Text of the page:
Rarely does a traveler have the opportunity to witness change on the scale currently taking place in Burma (Myanmar). After the historic visits of U.S. Secretary of State Hillary Clinton and U.N. Secretary General Ban-Ki Moon and the swearing in of Aung San Suu Kyi to Parliament, it is evident that transformation is eminent in this complicated land. Join your fellow Princetonians, October 23 – November 6, 2013, on its first program in Burma where you will at once experience and witness—in real time—the political shifts, commerce expansion, and cultural recognition transforming this region, while soaking in the area's natural splendor.
With a rich Buddhist culture, diverse ethnic groups, and an incredible physical beauty, Burma mixes the quiet charm of a 19th-century Southeast Asian country where time appears to have stood still with palpable changes and expansion in its modern cities. Beginning in fabled Rangoon, the Journey will continue to Burma's cultural capital of Mandalay onward to Inle Lake, revered as the magical land of the Intha people. The final destination, Pagan, is a breathtaking site where over 2,000 stupas have withstood the test of time. Along the way, the group will be joined by local writers, artists, and entrepreneurs providing a unique insight into the culture and life of Burma today.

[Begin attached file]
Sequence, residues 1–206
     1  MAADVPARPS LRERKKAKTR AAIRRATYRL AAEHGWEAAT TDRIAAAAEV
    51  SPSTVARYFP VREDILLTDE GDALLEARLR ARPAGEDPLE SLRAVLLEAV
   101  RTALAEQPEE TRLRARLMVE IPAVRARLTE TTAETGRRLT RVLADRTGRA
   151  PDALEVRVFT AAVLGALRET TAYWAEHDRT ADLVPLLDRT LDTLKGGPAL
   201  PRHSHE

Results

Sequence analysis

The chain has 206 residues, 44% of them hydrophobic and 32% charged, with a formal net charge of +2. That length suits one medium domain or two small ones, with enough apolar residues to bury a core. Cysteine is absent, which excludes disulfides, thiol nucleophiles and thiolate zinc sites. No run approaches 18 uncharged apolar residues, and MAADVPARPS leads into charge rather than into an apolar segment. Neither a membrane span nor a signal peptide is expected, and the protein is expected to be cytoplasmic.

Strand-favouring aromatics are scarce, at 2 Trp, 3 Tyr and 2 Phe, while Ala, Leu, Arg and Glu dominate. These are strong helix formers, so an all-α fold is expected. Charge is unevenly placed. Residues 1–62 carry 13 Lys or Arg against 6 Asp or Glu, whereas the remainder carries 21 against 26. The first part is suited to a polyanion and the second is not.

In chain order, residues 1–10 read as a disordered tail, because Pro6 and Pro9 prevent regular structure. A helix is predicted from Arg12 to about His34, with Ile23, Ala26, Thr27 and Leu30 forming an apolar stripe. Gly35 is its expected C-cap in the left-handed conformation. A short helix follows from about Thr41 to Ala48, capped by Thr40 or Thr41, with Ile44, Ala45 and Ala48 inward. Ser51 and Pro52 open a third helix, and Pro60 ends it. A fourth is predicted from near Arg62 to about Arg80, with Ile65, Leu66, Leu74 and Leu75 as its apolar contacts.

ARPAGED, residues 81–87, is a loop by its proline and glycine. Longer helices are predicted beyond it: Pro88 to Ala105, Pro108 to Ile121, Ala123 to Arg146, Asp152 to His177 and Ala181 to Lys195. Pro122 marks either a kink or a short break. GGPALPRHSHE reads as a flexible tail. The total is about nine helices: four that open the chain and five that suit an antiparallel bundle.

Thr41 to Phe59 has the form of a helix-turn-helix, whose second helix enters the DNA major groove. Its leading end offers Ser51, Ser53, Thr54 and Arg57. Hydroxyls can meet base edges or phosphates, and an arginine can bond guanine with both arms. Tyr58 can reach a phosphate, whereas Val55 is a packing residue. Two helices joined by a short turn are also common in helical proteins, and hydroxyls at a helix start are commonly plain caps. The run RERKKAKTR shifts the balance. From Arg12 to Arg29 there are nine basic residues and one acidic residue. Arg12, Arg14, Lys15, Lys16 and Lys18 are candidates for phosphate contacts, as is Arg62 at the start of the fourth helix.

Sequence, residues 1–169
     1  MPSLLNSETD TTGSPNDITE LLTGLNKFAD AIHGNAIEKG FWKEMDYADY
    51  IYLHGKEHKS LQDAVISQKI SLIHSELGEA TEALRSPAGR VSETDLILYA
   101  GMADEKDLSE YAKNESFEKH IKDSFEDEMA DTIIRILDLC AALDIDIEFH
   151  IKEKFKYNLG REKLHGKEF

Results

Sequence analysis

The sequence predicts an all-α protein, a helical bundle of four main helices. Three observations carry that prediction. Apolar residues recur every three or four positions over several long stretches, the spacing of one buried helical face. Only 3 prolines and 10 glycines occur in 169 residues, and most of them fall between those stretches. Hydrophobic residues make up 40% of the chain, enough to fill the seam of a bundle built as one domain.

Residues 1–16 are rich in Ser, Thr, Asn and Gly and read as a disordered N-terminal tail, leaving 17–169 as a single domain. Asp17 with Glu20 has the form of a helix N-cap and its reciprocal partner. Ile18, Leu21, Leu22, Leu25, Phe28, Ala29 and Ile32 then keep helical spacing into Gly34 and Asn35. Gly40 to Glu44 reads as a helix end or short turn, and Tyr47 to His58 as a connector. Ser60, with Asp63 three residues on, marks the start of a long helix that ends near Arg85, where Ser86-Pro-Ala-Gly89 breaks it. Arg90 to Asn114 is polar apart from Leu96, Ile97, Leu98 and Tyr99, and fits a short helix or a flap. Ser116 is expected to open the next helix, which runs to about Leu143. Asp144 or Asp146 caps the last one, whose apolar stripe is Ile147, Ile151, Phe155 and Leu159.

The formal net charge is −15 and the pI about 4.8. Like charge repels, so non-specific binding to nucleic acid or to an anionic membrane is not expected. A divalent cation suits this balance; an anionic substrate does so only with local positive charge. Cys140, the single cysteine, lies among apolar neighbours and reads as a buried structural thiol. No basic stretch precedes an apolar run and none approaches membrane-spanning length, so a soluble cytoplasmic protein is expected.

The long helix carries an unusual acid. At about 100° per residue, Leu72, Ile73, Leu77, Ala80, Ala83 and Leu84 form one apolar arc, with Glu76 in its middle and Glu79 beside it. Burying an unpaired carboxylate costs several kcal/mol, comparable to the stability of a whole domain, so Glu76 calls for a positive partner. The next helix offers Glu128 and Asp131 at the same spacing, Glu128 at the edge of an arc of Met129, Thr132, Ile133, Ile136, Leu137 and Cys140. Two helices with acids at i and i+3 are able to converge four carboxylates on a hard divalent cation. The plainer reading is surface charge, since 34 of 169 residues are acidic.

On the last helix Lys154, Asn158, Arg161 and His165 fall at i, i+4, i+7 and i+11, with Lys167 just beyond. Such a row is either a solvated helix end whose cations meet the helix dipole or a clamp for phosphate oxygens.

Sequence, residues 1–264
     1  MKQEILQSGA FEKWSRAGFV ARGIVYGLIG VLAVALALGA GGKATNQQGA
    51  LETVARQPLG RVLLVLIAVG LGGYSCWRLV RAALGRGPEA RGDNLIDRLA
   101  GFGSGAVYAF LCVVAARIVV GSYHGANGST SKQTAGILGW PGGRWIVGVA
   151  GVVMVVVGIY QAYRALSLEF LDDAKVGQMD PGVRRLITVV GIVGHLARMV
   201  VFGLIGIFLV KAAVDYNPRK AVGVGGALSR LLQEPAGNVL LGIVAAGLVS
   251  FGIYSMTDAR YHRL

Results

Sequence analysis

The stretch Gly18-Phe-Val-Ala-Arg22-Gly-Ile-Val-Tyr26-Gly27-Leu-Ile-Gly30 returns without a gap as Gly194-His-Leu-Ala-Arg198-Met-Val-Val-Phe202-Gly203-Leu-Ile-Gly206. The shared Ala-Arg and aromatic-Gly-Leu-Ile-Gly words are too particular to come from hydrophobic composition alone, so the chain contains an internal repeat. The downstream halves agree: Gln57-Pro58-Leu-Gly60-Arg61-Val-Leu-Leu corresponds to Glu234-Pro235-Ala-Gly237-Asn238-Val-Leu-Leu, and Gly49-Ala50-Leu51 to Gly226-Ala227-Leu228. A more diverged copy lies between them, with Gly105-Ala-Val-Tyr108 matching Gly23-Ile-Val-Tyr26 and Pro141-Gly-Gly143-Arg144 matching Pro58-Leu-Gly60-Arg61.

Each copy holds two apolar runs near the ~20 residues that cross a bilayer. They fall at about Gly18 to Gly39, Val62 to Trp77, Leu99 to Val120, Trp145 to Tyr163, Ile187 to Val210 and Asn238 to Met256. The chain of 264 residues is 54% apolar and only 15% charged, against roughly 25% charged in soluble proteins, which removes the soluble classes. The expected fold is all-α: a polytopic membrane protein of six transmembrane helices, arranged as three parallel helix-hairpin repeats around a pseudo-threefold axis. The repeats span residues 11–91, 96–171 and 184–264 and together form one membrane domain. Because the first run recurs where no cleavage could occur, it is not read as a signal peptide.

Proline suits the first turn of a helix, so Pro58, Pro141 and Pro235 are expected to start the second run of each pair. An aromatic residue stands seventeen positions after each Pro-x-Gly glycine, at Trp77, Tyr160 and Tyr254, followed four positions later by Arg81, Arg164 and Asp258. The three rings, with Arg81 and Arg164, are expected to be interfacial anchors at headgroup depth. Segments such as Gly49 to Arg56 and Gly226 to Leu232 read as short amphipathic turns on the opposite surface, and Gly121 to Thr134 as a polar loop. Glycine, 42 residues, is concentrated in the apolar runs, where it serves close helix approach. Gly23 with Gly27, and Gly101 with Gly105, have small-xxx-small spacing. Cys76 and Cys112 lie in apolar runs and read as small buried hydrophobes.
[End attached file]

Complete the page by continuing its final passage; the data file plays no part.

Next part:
Please note: This program is limited to 20 travelers.
Elaine Pearson *13 will serve as Princeton Study Leader for this Journey.
As deputy director of Human Rights Watch’s Asia division, Elaine Pearson has supervised the organization's work across Asia, especially South East Asia. Based in New York, she regularly briefs members of the media, government, and UN officials. On Burma, Ms. Pearson has edited reports focusing on armed conflict abuses, sectarian violence, freedom of expression, humanitarian assistance after devastating Cyclone Nargis, and abuses faced by Burmese migrants and refugees. She has worked for the International Labour Organization, as well as the UN Development Fund for Women, and led the first trafficking program at Anti-Slavery International in London. Ms. Pearson writes frequently for numerous publications such as the Guardian, Wall Street Journal, and Human Rights Quarterly. Prior to joining Human Rights Watch in 2007, Ms. Pearson previously lived and worked in Bangkok, Hong Kong, Kathmandu, and London. Originally from Australia, Ms. Pearson holds degrees in law and arts from Australia’s Murdoch University and has been part of the 2012-13 Master in Public Policy program for mid-career professionals at the Woodrow Wilson School of Public and International Relations at Princeton University. After finishing at Princeton, she will return to Human Rights Watch as Australia director, based in Sydney.